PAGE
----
Deep cover: That’s where an actress can reveal two faces, one real, the other designed to burrow into the confidence of her adversary.
For any performer, the fun, the challenge, comes in finding the shadows in between. In The East, a wily, human-scaled suspense drama, Brit Marling plays an undercover agent for a private intelligence firm. Her mission takes her inside the confines of an eco-terrorism cell called The East, whose targets include petroleum executives who spill millions of gallons of crude without doing a minute of prison time.
Crucial to the plot, as conceived by screenwriters Marling and director Zal Batmanglij, the group fixes on a pharmaceutical magnate whose latest wonder drug is doing the public no favors.
To nail the enemy, Marling’s Sarah must become the enemy. Once inside the collective, she learns of the destructive acts of sabotage and vengeance planned by group leader Benji, played by Alexander Skarsgard. The edgiest and most radical of The East’s members, Izzy (Ellen Page), can’t quite figure out who this newcomer is and why she has signed up for duty. At key junctures of the story, Sarah reports back to her corporate superior (Patricia Clarkson, icy privilege running through her veins), before returning to go a little deeper, a little closer to the edge of exposure.
The reason the movie works, despite some “movie-stupid” developments in the second half, has everything to do with the low-key and unaffected quality Marling brings to the screen. She’s not an overtly exciting or flamboyant actress; partly, I suspect, her instincts (which are correct) tell her she doesn’t need to do a lot of jumping up and down, not with That Face and Those Cheekbones and her warm blanket of a murmur. In Sound of My Voice, another Batmanglij/Marling collaboration, the actress brought a whispery, cryptic sense of mystery to the role of a fervent cult leader. In that picture, a pair of freelance investigative journalists did the infiltrating; in The East, which feels in some respects like a two-hour cable TV series pilot, Marling dons the garb of infiltrator, struggling to resolve her two lives (her man back home thinks she’s in Dubai) and keep separate her two faces.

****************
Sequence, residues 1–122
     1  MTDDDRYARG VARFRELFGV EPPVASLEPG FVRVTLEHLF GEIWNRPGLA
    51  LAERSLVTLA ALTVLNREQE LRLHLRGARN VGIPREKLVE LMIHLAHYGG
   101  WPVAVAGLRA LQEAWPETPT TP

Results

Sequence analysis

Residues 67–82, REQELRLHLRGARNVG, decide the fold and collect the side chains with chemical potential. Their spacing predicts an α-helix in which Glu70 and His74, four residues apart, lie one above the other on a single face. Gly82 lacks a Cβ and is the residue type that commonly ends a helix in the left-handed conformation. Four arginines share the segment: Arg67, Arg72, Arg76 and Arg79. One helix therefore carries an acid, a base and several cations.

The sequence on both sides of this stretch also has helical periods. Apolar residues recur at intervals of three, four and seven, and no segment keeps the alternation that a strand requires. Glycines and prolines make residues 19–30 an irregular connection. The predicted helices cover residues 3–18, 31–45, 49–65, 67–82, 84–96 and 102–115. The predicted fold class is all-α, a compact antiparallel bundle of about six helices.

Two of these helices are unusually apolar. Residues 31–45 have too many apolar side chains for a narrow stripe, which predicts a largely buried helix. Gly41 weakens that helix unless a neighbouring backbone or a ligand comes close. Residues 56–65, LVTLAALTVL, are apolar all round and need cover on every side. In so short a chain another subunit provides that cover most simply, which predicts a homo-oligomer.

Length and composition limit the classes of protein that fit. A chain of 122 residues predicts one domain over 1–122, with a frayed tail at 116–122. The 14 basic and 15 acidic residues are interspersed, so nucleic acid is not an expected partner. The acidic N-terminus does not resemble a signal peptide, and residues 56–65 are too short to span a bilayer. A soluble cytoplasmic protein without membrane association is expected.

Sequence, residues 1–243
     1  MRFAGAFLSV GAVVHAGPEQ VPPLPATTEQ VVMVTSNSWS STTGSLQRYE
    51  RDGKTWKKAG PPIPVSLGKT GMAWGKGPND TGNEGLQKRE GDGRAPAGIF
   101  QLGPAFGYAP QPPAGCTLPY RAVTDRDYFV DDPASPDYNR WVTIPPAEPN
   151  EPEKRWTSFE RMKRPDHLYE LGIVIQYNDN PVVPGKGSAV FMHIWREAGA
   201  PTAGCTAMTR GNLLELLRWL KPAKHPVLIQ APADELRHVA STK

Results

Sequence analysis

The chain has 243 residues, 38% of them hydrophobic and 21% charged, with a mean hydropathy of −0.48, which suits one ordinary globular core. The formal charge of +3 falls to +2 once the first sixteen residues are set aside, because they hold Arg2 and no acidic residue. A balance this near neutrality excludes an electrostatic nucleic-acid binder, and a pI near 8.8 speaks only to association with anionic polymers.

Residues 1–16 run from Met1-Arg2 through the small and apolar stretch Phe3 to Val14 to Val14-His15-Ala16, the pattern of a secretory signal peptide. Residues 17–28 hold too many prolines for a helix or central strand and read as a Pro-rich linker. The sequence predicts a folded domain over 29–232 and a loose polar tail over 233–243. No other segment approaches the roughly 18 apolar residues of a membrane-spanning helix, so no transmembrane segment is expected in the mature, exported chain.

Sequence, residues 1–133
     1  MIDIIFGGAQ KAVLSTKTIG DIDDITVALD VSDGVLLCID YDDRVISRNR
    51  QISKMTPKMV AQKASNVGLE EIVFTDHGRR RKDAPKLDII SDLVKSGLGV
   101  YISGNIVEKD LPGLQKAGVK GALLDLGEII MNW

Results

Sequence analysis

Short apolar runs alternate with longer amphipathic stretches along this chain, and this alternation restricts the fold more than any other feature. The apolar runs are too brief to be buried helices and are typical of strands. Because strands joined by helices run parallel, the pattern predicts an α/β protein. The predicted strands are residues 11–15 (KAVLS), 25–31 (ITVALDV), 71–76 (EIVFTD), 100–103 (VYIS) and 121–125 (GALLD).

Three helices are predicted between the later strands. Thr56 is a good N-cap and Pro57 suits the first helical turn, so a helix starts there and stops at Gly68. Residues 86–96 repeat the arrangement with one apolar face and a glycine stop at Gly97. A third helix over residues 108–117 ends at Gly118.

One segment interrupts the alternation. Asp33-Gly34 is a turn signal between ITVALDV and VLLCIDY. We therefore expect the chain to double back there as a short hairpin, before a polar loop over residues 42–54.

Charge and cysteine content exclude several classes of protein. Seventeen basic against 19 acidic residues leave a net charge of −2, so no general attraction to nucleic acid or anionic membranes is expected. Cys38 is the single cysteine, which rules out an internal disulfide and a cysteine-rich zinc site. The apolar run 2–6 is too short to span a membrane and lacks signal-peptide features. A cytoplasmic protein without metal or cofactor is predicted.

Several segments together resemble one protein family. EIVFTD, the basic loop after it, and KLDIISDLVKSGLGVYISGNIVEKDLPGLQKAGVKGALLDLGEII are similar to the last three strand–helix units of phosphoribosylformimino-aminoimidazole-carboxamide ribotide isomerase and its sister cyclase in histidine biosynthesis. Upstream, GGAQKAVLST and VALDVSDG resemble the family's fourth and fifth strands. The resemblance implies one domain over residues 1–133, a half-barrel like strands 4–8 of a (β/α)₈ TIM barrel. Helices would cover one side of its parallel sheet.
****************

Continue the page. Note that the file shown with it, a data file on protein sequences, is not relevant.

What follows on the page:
The most effective scene offers suspense wrapped around a queasy moral dilemma. At a garden-party fundraiser held by the drug company magnate, the eco-activist-terrorists disguise themselves as caterers and party guests. They’re slipping doses of the supposedly FDA-tested and -approved drug into flutes of Champagne, thereby giving the manufacturers a taste of their own potentially fatal medicine. Sarah must play along, but her instincts scream out: Stop!
The East goes a little bit south when Sarah (as always, for more than one reason) finds herself attracted to Benji, and some polemical speechifying is allowed to intrude on the story. But we stick with it. The interplay among the cult members, real and pretend, shows us plausibly gullible idealists venturing down bloody pathways. This is an effective genre piece. And Marling’s quiet way of anchoring a scene is subtle enough to escape detection in almost any narrative circumstance.
The East (PG-13) ★★★☆☆